Photo by Alyse Horn
David Burns and Jake Huffmyer, cousins and co-founders of 3E Studios.
By Victoria Stevans
In the 10 years since its inception, 3E Studios, a custom screen printing and embroidery shop, found a home in the Northside and a family within its employees and patrons.
In 2007, David Burns and Jake Huffmyer, cousins and co-founders of 3E Studios, were printing t-shirts out of a basement.
“We started the business in [Huffmyer’s] basement in Beaver County, where he grew up,” Burns said.
Today, their office on Western Avenue is spacious, around 5,000 square feet, with room in the front for visitors and space in the back for both automated and manual screen printers.
In the upgraded space, the original silk screening equipment from their basement days can still be found. Although not in use, it sits on a shelf above the new printers as a memento.
“It’s little, dinky, and held up by bungee cords,” Huffmyer said. “We used to whack screens into alignment [with a] mallet, now you have these micro-adjustors and lasers.”
“It’s the same basic equipment, just 30 years older,” said Burns.
The business was started and has been sustained by Burns’ and Huffmyer’s well suited skills sets.
“We have a pretty symbiotic relationship. His strengths and my strengths are complimentary,” Burns said.
In college, Burns studied graphic design and worked at a screen printing shop, while Huffmyer studied audio and electrical engineering.
“[Huffmyer’s] got an engineering background and can fix equipment. I have a graphics background and a little more extroverted [personality], I’ll be out [in the front] a lot,” Burns said. “It’s been good.”
However, like any small business, it took Burns and Huffmyer time to reach liftoff, regardless of their complimentary natures.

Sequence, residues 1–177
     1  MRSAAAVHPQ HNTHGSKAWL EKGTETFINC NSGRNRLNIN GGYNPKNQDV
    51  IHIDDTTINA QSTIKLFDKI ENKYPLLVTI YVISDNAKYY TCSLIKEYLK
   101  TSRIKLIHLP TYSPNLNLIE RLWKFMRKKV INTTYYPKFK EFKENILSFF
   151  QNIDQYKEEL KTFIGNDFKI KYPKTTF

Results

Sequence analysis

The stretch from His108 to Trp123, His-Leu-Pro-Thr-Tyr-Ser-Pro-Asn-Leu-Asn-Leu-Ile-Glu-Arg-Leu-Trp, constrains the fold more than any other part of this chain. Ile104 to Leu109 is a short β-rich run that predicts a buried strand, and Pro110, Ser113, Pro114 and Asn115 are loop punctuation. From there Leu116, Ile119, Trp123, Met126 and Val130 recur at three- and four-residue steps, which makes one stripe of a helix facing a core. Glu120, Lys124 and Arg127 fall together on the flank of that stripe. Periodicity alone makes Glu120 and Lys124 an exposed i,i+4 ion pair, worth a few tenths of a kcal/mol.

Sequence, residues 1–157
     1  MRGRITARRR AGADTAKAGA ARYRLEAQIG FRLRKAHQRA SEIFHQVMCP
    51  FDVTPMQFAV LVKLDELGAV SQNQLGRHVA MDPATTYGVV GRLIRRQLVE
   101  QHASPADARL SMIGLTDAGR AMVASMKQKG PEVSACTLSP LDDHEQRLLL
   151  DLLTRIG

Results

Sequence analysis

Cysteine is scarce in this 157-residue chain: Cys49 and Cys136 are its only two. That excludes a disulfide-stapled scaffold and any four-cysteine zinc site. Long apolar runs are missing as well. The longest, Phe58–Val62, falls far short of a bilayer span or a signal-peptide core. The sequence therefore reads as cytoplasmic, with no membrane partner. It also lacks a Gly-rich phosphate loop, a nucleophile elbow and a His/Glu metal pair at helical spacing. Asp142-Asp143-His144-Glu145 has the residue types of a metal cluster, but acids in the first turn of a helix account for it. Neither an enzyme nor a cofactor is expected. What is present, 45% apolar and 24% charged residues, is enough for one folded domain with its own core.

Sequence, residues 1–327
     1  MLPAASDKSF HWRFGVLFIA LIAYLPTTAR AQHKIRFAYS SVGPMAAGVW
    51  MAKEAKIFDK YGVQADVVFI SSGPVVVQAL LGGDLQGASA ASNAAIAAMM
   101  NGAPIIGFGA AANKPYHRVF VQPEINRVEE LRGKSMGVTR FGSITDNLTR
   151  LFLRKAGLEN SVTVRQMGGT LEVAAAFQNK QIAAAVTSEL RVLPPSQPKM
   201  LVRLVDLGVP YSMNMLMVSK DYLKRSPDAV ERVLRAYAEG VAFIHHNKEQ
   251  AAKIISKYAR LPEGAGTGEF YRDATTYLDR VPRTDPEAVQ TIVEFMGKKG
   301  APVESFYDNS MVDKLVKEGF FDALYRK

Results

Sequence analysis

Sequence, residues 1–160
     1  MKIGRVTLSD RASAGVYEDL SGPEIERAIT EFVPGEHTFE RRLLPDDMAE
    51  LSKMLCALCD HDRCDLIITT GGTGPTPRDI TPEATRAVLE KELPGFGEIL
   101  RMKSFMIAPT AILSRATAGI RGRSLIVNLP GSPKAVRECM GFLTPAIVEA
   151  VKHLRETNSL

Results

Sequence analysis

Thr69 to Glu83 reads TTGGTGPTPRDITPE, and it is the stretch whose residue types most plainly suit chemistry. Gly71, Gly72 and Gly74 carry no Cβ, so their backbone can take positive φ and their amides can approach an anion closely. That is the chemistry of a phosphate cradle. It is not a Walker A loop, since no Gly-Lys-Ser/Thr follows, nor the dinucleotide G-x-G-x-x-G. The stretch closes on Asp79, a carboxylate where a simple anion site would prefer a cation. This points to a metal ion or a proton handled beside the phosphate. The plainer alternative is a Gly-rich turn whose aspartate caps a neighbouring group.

“It was just the two of us, both of us had other jobs, it wasn’t very substantial in the beginning, or significant,” said Burns. “So we took a year to get our footing [in the basement] and then moved up to the Northside.”
The two cousins moved into the top floor of a recording studio on North Avenue and began running their business above it.
With this transition, 3EStudios incrementally grew. Burns and Huffmeyer invested in new equipment, visited the Northside Development Fund for a loan, and started working with the Small Business Development Center (SBDC) at the University of Pittsburgh to sharpen their vision for the future.
“That’s when we started thinking what is this, what are we here to do, and why,” Burns said. “[3E Studios] was born in Beaver County, but it grew up in the Northside. That’s really where we found our identity.”
For Huffmyer and Burns, the Northside has become home. It has also been large factor in their business’ success.
“[The Northside] has definitely been integral to how we grow,” Burns said. “A lot of our clients are in the Northside, the vast majority of them are local.”
“Even if the customers aren’t from the Northside, we have probably made the connection through some sort of circle that we’ve developed by being here,” Huffmyer added.
Three years after moving to their space on North Avenue, 3E Studios moved to their current office on Western Avenue. In another period of expansion, Huffmyer and Burns hired more employees, bulking up their staff and garnering more customers.
Since that move, 3E Studios have created a supplementary family – apart from Burns’ and Huffmyer’s blood relation – through their relationships with employees and patrons.
“I think there has always been a little bit of conversation about this [business] acting as a second family for us,” Huffmyer said.
“[3E Studios has] ended up becoming a sort of an extended family, to the point where it is kind of why it exists,” Burns added.
Certainly, the printing studio’s family feel and focus has weaved itself into the business’s philosophy.